I was about ready to stop digging at the DI last night. I gave up my shopping cart to a woman scooting three piles of books along the carpet (and still browsing) and carried by hand my 50 cent video up through Men’s Clothes. Then I spotted it: A classic zippered pullover of lamb’s wool with the look of homespun yarn died red with vegetables and bark that left contrasting slubs–black and white flecks–throughout. No, this was not the work of Betsy Ross or one of her contemporaries (what with evidence like a content tag disclosing 11 percent nylon). And, oh yeah, it has a label: Jos.A.Bank–the design house must have liked this pseudo-crafty fabric too since they specified it . . .
. . . I’d estimate twenty years ago. Which is the sweater’s one liability–deja vu (but, I remember EXACTLY where and when). It’s just that this soft, worn-in, earthy-red-not-too-heavy-great-for-every-season fabric is fab! And the still-relevant ribbed collar with its leather zipper pull! For $7 I bought the garment with the thought of taking out some of the bulk in the body and sleeves.
Then I woke up this morning wondering what differentiates vintage from sooo last year or passe. After much consideration, I’ve come to this: For a substantial portion of the population, fashion is our passion. Designers play to that passion, style is by nature seductive. We crush. We are infatuated. Infatuations can last for years sometimes until we are eventually forced to acknowledge that a certain style no longer makes us as giddy as a new one we see. Passe is that bit of embarrassment we feel about being fickle in love, revealing that we, like everyone else, are vulnerable. When we came of age, passe was embarrassment for our parents (which can come up no matter what they are wearing but especially) when we see their clothes as out-of-style.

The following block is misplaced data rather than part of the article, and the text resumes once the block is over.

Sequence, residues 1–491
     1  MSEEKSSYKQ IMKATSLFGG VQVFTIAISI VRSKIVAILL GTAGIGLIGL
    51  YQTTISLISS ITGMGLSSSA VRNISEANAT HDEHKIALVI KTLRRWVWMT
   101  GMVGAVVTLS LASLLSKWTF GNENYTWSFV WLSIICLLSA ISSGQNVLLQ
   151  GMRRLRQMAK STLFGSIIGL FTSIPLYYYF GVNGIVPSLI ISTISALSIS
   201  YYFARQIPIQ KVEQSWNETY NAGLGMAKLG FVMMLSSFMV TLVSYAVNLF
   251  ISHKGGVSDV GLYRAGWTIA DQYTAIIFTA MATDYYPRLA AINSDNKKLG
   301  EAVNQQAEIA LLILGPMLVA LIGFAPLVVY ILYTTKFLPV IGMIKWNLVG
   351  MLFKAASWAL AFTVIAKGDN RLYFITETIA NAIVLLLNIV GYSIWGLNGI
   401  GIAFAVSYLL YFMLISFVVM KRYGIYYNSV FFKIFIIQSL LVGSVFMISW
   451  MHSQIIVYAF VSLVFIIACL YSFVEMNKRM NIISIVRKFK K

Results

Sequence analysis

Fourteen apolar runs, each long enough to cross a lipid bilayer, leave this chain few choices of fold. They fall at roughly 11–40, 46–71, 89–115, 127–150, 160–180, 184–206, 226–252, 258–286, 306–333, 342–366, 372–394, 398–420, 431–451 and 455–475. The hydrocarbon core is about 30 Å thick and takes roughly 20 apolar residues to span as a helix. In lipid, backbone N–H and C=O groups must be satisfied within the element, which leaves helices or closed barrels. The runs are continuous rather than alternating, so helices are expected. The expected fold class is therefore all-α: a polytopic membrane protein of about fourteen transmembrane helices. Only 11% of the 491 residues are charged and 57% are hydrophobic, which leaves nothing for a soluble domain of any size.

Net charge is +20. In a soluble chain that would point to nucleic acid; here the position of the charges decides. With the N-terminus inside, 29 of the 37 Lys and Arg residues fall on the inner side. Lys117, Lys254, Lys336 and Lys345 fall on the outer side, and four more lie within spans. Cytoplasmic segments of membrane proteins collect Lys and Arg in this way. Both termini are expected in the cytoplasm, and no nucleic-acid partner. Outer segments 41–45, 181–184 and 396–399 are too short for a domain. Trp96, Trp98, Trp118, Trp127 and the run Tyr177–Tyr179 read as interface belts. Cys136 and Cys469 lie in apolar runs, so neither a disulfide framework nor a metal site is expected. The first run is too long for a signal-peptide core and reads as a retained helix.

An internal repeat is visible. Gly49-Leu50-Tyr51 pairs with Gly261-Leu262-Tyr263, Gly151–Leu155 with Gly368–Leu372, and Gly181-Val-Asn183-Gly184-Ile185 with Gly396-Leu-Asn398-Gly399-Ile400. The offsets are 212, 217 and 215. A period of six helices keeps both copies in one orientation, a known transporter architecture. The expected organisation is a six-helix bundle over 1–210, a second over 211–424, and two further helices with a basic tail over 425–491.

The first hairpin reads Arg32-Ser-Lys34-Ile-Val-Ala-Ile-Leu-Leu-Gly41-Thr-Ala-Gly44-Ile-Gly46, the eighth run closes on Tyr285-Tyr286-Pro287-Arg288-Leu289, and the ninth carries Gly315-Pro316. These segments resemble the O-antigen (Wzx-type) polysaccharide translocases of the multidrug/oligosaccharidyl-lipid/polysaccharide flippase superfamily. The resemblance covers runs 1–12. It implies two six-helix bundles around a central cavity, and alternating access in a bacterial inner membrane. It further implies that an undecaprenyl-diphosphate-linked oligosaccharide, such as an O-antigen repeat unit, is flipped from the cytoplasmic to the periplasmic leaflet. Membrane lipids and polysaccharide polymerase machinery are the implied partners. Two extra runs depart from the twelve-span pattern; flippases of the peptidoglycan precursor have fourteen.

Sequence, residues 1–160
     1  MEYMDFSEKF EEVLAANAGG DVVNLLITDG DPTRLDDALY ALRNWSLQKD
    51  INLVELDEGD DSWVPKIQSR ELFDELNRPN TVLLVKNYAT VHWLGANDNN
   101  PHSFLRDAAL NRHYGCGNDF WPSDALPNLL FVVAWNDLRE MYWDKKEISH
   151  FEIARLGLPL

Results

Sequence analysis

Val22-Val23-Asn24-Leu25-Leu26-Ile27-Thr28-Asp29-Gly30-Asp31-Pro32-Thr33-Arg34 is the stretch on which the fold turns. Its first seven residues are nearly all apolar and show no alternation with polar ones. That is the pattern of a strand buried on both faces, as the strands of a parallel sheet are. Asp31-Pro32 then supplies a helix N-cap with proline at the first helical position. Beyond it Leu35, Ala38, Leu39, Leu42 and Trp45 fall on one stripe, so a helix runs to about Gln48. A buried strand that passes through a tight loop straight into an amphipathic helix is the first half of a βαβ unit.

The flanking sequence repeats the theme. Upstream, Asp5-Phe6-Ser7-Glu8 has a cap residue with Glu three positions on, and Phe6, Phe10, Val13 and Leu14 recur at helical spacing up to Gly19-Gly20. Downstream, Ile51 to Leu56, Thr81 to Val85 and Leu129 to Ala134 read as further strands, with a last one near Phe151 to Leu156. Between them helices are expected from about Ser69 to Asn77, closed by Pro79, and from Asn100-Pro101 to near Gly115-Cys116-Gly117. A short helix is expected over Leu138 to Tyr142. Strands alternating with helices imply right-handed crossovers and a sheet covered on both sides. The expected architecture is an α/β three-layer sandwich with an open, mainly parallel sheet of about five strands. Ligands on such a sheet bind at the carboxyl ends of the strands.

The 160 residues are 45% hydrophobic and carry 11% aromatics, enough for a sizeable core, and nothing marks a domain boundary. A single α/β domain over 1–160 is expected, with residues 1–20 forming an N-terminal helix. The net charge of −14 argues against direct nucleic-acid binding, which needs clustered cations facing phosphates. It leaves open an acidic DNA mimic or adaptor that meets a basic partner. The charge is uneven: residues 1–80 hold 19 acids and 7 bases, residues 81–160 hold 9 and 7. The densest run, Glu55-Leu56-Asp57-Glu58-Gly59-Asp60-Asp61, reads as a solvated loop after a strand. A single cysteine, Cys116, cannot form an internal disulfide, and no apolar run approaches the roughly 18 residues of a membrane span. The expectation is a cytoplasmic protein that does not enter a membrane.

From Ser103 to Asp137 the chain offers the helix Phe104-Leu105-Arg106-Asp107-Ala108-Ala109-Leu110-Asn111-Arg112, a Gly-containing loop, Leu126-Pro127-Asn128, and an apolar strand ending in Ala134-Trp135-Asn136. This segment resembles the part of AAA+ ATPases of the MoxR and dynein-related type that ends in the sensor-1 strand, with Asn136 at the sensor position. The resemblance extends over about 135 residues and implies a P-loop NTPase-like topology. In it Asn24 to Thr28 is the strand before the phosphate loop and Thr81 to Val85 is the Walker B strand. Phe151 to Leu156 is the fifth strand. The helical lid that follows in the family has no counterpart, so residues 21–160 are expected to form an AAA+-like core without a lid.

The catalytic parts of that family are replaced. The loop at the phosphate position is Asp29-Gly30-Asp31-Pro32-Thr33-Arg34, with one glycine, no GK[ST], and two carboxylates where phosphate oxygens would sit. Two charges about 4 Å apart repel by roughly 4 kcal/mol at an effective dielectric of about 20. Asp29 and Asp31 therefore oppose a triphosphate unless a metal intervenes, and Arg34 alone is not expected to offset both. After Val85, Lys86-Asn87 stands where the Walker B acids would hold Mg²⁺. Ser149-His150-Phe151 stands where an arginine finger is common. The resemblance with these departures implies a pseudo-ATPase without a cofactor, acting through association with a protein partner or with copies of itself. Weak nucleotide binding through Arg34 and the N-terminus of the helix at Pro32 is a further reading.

I look at myself in the sweater at home and remember how elegant those draped shoulders felt in the 90s, how proud I was at my daughter’s compliment when my wife tried on the oversize shirt I had a say in picking out–“I didn’t know my mother could be so stylish!” she said. But now turn to see how the sweater puddles above the waistband in the back and feel again the pang from a remark by the same daughter ten (-er-fifteen) years after: “Your clothes just hang on you.” Had I had trusted the familiarity of that infatuation too long?
I conclude the style of the sweater is not vintage but passe.
And I engage my imagination once again. How to update sweater. Then going into cold, layer the subject over black long sleeves, wear ’til evening–what it has to say. Hmm comfy.
Find what’s yours . . . truly, danscir52
copyright 2013 Dan Christensen all rights reserved